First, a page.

We parked, put on sunscreen, filled the backpack with water, and started walking. A path led us to steps that switchbacked up and down the cliff, alongside the Rio Grand. The river was slow and lined with Bamboo and a slice of the cloudless blue sky mirrored the river.
The Santa Elena Canyon walls are 1,500 feet in some spots – as tall as the Sears Tower. That big building folks. The one that makes you go “wow” when driving into Chicago. That’s what was pressing us from both sides.
The trail wasn’t long and ended in a sandy area where people had taken off their shoes and waded into the river. A group of college students tossed a frisbee and started walking further into the canyon. There are miles to hike if you want to go further. In the shade, it was chilly, but Mexico was on the other side so we weren’t going to leave without crossing the river. We hiked up their pants, took off our hiking books, stuffed our socks inside, and stepped in.
The water was cold! and the bottom of the river soft. The girls hopped onto our backs when the water got a little deep. When we were close to the opposite side, the girls ran up to the wall and pressed their hands against Mexico. Eleanor and Lucy bounced with excitement. I can’t believe we made it!
We walked a little further down the river that had cut its path into the massive rock – finally turning back to our shoes. We did the stand one leg thing, trying to not fall over while we put our feet into wet socks and thought, “huh, should have brought a towel.”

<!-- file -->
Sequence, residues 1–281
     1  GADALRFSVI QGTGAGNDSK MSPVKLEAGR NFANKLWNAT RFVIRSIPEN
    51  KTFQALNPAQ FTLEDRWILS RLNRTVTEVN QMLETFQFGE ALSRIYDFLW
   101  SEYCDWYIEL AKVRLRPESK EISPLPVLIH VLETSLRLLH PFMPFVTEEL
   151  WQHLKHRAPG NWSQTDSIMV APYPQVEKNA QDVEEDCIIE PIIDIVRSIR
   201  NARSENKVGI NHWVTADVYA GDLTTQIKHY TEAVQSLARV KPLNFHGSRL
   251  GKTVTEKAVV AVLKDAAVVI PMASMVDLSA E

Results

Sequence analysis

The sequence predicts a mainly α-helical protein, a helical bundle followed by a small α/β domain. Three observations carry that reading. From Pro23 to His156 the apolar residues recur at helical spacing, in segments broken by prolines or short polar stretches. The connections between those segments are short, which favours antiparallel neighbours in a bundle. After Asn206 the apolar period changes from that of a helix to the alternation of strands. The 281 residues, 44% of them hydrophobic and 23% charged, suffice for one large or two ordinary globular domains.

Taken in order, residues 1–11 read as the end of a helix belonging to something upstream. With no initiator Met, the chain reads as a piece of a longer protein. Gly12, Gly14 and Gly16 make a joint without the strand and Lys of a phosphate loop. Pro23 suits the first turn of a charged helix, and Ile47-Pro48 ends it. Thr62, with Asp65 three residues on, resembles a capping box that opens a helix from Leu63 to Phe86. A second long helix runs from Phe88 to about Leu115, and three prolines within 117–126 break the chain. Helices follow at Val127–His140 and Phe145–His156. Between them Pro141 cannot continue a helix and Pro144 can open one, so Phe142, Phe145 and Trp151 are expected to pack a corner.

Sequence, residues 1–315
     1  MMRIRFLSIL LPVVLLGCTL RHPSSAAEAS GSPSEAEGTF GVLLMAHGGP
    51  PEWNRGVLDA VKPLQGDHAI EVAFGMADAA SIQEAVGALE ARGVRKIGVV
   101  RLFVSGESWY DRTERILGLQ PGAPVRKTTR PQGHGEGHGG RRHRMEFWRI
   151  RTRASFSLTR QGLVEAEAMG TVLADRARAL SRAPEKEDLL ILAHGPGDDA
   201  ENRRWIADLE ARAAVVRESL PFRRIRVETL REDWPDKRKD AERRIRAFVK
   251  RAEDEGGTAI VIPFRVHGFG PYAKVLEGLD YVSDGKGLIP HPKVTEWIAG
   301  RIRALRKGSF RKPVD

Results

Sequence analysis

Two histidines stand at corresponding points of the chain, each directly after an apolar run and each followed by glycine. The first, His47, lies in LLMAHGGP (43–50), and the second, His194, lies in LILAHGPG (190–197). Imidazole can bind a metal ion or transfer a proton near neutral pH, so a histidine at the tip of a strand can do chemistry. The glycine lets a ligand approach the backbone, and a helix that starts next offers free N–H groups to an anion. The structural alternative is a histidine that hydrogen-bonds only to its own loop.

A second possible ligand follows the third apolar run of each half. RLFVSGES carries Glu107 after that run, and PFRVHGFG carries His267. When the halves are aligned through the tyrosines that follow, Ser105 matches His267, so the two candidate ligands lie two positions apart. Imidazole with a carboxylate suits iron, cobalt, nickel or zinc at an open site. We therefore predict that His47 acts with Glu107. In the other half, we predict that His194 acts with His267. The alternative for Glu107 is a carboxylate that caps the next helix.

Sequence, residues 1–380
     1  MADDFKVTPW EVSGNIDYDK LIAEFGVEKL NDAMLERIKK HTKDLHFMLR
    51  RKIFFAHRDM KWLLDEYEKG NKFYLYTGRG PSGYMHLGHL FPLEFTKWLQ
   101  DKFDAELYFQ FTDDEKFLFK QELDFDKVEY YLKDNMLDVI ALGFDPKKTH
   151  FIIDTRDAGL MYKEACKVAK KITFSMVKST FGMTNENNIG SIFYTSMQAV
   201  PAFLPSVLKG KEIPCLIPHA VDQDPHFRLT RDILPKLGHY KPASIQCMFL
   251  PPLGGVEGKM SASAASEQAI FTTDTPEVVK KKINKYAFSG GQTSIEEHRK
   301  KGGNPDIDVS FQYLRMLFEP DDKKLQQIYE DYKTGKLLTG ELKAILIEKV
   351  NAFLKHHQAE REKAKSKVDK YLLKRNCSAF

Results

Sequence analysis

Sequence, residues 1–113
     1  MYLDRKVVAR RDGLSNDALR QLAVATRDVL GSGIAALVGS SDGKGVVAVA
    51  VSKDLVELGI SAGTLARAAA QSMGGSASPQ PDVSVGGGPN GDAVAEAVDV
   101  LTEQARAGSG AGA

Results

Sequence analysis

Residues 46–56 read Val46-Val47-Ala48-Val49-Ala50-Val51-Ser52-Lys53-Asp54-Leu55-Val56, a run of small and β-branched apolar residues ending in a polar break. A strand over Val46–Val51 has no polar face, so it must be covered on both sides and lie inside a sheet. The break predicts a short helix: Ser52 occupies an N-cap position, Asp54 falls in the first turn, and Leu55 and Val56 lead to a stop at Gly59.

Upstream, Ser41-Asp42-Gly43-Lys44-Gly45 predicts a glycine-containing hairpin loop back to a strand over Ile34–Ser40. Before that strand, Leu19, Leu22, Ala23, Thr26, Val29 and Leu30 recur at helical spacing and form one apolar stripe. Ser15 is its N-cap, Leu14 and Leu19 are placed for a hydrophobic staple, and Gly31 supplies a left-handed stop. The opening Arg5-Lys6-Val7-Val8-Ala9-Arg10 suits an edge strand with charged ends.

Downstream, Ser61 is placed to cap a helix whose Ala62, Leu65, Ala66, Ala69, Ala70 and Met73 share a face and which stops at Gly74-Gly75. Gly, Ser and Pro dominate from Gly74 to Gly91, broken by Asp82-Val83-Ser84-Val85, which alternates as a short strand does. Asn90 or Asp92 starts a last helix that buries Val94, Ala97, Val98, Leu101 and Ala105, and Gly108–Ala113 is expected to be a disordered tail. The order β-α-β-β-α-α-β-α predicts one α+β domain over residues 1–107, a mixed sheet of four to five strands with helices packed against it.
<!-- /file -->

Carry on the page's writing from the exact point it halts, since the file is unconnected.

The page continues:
The walk back was quick. We were hungry and ready to rest. Near the hike’s entrance, there were a handful of picnic tables – just the spot for a PB&J.
Chisos Basis is at the center of the park and on the way we made a couple of stops: 1) to see the Mule’s Ears from a distance and 2) to climb ancient volcanic ash where the girls found rocks that looked like crystals. They were sad when we said they couldn’t take anything from a National Park.
We pulled in next to the Ranger Station, got our National Park stamp, and saw our very first roadrunner! It was the size of a small chicken and had a pigeon’s comfort level around a bunch of humans. It neither meep meeped nor sped away with its feet in a blur.
We walked the short paved Window Trail loop and took the shot that everyone comes for.
After the Basin we climbed the Lost Trail Mine. The trails are well maintained, and while it was steeper than the last path, it was a nice hike with incredible views. But by this point, the day was getting late, and we were hungry, and we knew we had a decent drive ahead of us. We walked back to The Beast and drove back to the campground – picking up firewood for s’mores and a campfire.
Day Two – Dinosaurs, Wild Horses and a Canyon
Day two started much like day one. I woke early, climbed over Brooke to get out of the trailer, and fired up the camp stove to make our fancy coffee. A man with a cowboy hat walked by, I later learned he sailed around the world in a boat he made himself. The rest of the family woke up and we drove back into the park.
One excellent attribute of the National Park System is the Jr. Ranger Program. Kids pick up a small paper book and spend the next day finding as many answers as they can as they travel around the park. This is great because they learn, of course, but it’s also great because it keeps your kid busy as you’re driving around a park – and in Big Bend, there’s a lot of driving.